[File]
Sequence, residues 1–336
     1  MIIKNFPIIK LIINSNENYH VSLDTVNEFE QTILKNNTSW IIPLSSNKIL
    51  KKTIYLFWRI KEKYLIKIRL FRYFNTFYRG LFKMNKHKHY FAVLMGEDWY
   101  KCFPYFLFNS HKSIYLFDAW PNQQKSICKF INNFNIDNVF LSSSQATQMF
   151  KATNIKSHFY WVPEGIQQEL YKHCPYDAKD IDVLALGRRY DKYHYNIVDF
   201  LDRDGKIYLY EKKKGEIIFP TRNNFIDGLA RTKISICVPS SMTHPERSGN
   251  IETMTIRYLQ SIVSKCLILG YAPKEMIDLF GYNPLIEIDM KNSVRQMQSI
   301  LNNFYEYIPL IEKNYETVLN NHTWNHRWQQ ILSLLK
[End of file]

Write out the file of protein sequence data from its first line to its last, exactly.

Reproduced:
Sequence, residues 1–336
     1  MIIKNFPIIK LIINSNENYH VSLDTVNEFE QTILKNNTSW IIPLSSNKIL
    51  KKTIYLFWRI KEKYLIKIRL FRYFNTFYRG LFKMNKHKHY FAVLMGEDWY
   101  KCFPYFLFNS HKSIYLFDAW PNQQKSICKF INNFNIDNVF LSSSQATQMF
   151  KATNIKSHFY WVPEGIQQEL YKHCPYDAKD IDVLALGRRY DKYHYNIVDF
   201  LDRDGKIYLY EKKKGEIIFP TRNNFIDGLA RTKISICVPS SMTHPERSGN
   251  IETMTIRYLQ SIVSKCLILG YAPKEMIDLF GYNPLIEIDM KNSVRQMQSI
   301  LNNFYEYIPL IEKNYETVLN NHTWNHRWQQ ILSLLK